In the previous study comparing the effects of surgery with those of fasting alone without surgery on the IGFBP-3 profiles, Davenport et al.  reported that the level of IGFBP-3 decreased markedly 2 days postoperatively and surgical factors other than nutritional factors were the principal regulators of the postoperative changes of IGFBP-3. The present study was designed to conduct in patients undergoing hysterectomy due to uterine myoma. Noh and Kim  described that the level of IGFBP-3 during perioperative periods did not differ between the healthy women and myoma patients. In that sense, it is thought that our results can be extended to that in the healthy women populations. The results by Noh and Kim  showed that the concentration of IGFBP-3 decreased 2 days postoperatively and returned to preoperative value on 6 days postoperatively, which is consistent with our results in the isoflurane group and previous data . The study conducting in aged 30 to 70 years old patients, undergoing colorectal surgery by Cotterill et al.  showed that the IGFBP-3 level fell from the anesthesia induction and recovered to preoperative valued at 6 weeks. The discrepancy in the time of recovery to preoperative values may be attributable to surgical invasiveness, inclusion of old age populations and the anesthetics used for their study. The enflurane was used for anesthesia in their study by Cotterill et al.  and the others [10,16] did not indicate the anesthetics used for their study. It has been suggested that a decrease of the IGFBP-3 might make IGF more available for tissue uptake and help to counteract the catabolic state induced during perioperative periods by enhancing tissue uptake of IGF-1. It is probably related to specific circulating protease activity directed against IGFBP-3 [17,18]. The decrease in the IGFBP-3 is also observed in critically ill patients . Although we measured the IGFBP-3 level only until 5 days postoperatively, it could be speculated that the use of propofol during operation made the patients adapt better to the catabolic state than the use of isoflurane. There is also a possibility that isoflurane might affect the proteolysis of IGFBP-3, which is observed in postoperative periods.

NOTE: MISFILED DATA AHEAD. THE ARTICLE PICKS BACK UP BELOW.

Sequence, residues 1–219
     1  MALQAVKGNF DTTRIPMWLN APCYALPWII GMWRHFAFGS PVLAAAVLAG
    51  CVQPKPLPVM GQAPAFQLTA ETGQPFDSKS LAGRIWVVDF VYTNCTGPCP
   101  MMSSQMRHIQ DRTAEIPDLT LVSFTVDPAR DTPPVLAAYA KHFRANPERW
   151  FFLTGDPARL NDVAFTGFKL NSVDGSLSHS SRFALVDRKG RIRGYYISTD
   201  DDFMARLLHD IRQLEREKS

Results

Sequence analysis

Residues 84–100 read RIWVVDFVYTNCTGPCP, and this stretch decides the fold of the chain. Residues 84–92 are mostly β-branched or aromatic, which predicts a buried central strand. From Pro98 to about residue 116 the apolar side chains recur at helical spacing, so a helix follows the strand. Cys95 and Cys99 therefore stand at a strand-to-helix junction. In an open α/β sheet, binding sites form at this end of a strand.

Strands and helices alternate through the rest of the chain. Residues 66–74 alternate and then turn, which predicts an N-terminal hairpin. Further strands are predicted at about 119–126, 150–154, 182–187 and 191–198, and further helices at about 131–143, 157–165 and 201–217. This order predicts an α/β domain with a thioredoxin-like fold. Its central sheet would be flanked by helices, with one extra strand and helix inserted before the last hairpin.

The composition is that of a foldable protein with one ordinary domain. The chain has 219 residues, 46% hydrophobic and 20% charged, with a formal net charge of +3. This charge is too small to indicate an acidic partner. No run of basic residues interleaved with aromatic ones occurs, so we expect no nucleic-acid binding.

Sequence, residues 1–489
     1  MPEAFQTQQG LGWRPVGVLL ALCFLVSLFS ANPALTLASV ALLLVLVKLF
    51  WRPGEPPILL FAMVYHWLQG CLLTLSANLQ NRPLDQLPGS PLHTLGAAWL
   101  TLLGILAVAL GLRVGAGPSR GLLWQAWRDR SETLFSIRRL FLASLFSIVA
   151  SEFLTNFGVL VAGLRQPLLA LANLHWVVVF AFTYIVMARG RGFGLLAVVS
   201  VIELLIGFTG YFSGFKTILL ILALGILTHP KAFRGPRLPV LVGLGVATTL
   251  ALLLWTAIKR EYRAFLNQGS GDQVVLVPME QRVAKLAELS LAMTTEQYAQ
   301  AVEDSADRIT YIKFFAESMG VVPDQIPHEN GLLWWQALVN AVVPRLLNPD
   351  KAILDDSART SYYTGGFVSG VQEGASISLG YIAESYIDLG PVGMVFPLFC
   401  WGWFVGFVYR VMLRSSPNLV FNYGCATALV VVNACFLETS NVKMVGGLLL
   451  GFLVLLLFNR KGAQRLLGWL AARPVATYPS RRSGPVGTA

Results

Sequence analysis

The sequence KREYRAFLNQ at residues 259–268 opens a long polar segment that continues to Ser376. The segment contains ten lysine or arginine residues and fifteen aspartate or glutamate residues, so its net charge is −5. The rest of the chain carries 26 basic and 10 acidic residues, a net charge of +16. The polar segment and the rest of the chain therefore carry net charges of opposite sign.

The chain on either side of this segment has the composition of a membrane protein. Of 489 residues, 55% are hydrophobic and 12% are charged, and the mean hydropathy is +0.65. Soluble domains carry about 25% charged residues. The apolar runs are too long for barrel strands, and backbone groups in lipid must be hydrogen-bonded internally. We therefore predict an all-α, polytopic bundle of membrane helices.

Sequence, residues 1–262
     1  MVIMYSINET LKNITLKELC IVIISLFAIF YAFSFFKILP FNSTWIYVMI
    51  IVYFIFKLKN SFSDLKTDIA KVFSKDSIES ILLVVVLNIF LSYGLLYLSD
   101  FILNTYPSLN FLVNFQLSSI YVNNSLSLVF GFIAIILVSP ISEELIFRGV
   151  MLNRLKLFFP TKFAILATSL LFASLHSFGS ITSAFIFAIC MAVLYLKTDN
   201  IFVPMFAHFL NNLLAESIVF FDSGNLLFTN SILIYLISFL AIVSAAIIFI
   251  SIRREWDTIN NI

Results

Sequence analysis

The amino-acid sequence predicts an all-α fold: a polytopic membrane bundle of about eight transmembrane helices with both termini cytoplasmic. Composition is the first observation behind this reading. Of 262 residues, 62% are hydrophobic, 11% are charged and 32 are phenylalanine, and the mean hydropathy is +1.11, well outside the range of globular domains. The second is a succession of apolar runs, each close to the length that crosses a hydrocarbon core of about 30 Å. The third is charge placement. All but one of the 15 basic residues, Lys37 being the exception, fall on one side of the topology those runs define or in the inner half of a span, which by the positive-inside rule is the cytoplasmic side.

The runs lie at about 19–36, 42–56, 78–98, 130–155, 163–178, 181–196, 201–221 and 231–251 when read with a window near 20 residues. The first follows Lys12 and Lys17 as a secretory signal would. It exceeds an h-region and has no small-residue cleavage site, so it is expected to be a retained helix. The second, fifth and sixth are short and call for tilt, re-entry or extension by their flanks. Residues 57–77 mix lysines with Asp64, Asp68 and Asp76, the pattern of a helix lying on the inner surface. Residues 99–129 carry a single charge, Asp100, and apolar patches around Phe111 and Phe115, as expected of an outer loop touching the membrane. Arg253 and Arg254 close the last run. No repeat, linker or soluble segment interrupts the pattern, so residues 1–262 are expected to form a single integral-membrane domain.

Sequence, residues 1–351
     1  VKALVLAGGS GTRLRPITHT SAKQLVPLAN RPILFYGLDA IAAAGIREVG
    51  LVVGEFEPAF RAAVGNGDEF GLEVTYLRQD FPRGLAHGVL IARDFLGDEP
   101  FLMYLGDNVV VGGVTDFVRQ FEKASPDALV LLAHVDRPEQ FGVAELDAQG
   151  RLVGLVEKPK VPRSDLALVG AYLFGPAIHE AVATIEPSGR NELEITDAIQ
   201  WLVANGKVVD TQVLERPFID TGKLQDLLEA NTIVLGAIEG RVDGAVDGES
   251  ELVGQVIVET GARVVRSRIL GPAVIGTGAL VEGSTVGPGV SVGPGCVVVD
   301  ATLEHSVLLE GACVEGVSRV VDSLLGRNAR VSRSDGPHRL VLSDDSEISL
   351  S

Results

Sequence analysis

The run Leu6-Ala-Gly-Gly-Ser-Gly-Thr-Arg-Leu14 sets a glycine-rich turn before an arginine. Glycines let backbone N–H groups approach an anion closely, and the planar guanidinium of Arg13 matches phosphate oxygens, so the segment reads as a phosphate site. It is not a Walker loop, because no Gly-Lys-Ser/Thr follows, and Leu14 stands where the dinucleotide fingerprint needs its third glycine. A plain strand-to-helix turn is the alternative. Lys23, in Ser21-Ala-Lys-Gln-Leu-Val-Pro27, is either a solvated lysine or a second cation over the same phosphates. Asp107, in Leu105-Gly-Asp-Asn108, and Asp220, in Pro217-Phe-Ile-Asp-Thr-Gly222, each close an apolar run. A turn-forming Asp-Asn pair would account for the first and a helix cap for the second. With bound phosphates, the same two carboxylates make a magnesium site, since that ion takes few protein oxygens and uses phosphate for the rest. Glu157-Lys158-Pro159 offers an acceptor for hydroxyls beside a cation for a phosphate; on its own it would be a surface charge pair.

There are several limitations in our study. First, we designed the study in the relatively healthy patient population who does not have systemic disease besides uterine myoma. The pattern of IGFBP during severe illness is known to have major alterations when compared with that seen in the healthy patients . The effect on endocrine system, which is associated with postoperative recovery and the progress of disease may be more important in critically ill patients than the healthy people. Second, we evaluated the effect on only IGFBP-3 and did not assess a correlation with the IGF. The IGFBP-3 is the major factor determining circulating IGF levels and closely related to IGF. An IGF and IGFBP-3 complex was found to accelerate wound healing better than IGF alone . Third, it has been suggested that enzymatic proteolysis of IGFBP-3 by an IGFBP-3 specific protease after surgery might facilitate release of IGF and play a role to meet the extra demands. Additional evaluation about specific protease activity for IGFBP-3 may be valuable to understand the regulatory mechanism in the bioavailability of circulating IGF . Fourthly, this study included a relatively small number of patients. Further study is needed to expand our results and provide a comprehensive interpretation.
In conclusion, this is the first study to show that the anesthetics used for general anesthesia can affect the IGFBP-3 level during perioperative periods. We have observed different patterns of perioperative IGFBP change when general anesthesia was maintained with propofol or isoflurane. Our results provide a basis for a randomized controlled trial in future investigations.